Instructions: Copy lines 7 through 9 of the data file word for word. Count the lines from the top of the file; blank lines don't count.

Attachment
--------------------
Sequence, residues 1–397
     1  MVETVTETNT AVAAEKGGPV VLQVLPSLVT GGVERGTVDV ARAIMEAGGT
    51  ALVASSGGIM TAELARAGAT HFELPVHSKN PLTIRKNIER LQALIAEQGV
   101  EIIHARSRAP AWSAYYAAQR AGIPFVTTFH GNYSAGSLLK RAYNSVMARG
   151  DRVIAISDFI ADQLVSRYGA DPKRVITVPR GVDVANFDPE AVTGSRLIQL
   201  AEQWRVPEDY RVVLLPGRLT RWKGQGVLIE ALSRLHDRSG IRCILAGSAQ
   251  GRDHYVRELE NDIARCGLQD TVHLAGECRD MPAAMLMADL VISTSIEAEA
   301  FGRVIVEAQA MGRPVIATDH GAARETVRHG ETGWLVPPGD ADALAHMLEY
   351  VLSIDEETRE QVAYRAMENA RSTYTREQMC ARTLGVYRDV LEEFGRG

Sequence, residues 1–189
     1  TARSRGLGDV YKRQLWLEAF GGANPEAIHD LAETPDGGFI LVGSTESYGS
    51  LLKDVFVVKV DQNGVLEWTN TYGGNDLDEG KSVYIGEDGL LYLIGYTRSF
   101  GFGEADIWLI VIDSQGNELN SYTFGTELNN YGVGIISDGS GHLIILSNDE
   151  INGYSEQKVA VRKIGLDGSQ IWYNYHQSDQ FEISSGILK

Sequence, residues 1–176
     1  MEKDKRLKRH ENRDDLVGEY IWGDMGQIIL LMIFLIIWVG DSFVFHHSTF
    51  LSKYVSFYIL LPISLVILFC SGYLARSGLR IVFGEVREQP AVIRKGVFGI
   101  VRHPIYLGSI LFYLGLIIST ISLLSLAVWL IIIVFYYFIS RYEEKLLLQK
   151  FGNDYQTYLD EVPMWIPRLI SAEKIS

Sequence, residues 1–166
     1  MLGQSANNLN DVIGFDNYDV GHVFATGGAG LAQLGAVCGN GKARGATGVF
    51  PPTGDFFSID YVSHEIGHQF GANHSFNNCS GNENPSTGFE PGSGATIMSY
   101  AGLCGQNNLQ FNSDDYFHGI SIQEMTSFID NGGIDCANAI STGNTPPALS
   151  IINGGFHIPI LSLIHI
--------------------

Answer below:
   251  GRDHYVRELE NDIARCGLQD TVHLAGECRD MPAAMLMADL VISTSIEAEA
   301  FGRVIVEAQA MGRPVIATDH GAARETVRHG ETGWLVPPGD ADALAHMLEY
   351  VLSIDEETRE QVAYRAMENA RSTYTREQMC ARTLGVYRDV LEEFGRG